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I attended the Asia Region Workshop for Art Educators (ARWAE) earlier this year and came away with several new ideas to apply to my own teaching practices.  One of the most valuable workshops I attended was “How to Make Investigation and Reflection Fun” led by Jenny Tiefel.  Jenny’s creative outlook on getting students to explore and share their learning in non-traditional ways makes learning fun (imagine that!) for both students and the teacher.   screen-shot-2016-12-04-at-3-04-03-pmscreen-shot-2016-12-04-at-3-04-48-pm  Since then, I have tried out a few of Jenny’s “Bored No More” strategies for obtaining knowledge and they have been a hit for changing things up, getting students engaged, and making learning memorable.  A few weeks ago, to start the Grade 2 unit on Public/Urban Art, students created a modified fortune teller to help them start talking about the form and functions of public art around the world.  They began by working individually to write short sentences (in Mother Tongue or English) about the artworks on their fortune tellers.  After, the students folded their fortune tellers and played a game that allowed them to share their sentences verbally and ask about other students’ perspectives on an artwork (“What do you notice about this artwork? How does this artwork make you feel?  What does this remind you of?”).  The activity was a success because:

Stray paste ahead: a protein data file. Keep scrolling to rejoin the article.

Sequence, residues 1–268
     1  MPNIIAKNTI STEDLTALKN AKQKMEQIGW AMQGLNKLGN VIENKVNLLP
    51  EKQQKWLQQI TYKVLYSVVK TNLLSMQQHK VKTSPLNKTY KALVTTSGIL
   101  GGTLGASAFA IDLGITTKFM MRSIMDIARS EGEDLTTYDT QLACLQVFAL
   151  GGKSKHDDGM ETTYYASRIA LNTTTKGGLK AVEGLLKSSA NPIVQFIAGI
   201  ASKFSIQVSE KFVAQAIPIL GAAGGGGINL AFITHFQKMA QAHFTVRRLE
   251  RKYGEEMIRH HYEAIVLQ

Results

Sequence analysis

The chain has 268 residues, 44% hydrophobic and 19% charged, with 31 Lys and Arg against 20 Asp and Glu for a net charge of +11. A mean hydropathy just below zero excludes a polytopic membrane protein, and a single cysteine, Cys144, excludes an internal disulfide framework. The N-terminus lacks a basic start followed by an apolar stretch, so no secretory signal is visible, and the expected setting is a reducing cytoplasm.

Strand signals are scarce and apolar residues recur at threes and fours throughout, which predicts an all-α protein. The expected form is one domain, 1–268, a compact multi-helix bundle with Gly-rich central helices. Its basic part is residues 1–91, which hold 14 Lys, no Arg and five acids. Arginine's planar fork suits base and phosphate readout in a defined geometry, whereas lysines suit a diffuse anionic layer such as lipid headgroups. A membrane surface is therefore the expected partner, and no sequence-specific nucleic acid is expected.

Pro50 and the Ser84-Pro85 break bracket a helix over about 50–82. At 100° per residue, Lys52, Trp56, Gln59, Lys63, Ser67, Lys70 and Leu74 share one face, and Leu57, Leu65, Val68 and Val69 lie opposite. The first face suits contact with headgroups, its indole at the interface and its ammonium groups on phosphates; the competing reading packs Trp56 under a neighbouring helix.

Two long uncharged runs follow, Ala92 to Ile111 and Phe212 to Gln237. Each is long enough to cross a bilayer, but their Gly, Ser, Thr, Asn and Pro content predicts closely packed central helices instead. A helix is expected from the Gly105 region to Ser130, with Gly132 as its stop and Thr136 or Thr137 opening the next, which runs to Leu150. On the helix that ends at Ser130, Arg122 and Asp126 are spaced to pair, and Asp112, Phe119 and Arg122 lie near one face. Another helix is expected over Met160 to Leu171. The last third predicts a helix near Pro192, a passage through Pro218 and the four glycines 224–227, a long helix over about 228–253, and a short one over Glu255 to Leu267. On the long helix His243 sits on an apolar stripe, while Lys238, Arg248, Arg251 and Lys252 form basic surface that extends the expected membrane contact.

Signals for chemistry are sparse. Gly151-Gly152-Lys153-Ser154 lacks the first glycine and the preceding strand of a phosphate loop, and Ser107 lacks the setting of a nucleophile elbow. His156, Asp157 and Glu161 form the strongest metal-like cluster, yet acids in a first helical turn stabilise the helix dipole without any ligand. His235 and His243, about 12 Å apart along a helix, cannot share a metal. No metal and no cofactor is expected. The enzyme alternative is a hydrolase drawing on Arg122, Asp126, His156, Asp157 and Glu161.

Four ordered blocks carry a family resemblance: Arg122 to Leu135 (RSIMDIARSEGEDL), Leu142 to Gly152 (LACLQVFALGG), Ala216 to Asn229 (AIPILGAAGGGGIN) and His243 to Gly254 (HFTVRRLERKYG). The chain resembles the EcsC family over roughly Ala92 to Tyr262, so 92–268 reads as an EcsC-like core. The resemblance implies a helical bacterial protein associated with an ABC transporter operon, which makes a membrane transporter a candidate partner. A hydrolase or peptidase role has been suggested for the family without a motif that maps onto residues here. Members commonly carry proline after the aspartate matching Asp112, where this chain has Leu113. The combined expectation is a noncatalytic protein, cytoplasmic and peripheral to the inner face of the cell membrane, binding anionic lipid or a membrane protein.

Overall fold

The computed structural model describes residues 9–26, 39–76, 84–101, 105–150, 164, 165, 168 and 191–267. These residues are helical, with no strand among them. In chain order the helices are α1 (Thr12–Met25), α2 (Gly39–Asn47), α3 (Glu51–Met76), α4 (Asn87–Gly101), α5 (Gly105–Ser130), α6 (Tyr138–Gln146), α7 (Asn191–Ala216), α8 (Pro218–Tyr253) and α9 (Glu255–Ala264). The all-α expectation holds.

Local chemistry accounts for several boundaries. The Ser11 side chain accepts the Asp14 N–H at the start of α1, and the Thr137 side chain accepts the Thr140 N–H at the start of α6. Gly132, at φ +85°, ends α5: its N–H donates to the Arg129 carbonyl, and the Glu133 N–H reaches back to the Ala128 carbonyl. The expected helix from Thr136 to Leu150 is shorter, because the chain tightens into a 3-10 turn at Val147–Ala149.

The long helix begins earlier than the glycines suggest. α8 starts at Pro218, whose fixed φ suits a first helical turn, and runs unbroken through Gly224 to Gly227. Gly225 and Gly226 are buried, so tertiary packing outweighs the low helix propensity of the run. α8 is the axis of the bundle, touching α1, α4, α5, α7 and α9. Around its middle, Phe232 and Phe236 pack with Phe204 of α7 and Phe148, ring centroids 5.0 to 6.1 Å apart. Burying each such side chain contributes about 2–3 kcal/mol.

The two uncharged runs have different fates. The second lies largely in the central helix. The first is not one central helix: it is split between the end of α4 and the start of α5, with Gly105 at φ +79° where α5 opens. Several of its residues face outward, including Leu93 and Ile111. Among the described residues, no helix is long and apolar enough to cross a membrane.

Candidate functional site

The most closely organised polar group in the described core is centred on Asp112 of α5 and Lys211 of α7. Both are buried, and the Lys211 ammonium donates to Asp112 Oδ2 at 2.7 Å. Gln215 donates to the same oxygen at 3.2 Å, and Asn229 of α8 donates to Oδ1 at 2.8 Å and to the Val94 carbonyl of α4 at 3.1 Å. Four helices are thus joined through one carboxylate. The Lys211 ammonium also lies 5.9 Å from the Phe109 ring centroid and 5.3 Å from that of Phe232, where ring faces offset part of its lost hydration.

1. Students had different artworks on their fortune tellers, so there was a lot of excitement to compare and talk about the varied images of public art.
  2. Students had the opportunity to write their thoughts individually before having to share it verbally with others.
  3. Each student had multiple opportunities to practice reading and ask questions to other students about public artworks.
  4. Students were seen showing their fortune tellers to others at recess and continued to read their sentences/ask questions about the artworks to others. (Hopefully this also happened when they took the fortune tellers home.)screen-shot-2016-12-04-at-3-05-03-pm


This strategy could be adapted in SO many other ways to engage students  of all ages in knowledge gathering, questioning and talking skills throughout the learning process.

The Best PD You Can Get For Free

The answer is coming, I promise, but first you have to read through how I came to find the answer.  Here it goes…

  1. I am currently in the middle of a Grade 5 photography unit focused on the question, “What makes a successful photo?”  Students have been adding answers to this question as they learn skills and explore how personal perspective plays a role in photography.
  2. I am also in the middle of making the rounds to grade level classrooms during my free periods to observe and learn from their strategies and methods how to better my own teaching practices.  Last week, I visited some Grade 5 classrooms to see what they were up to.  (In addition to this, I have also subscribed to all classroom teacher’s class blogs to keep updated on what they’re doing in the classroom.)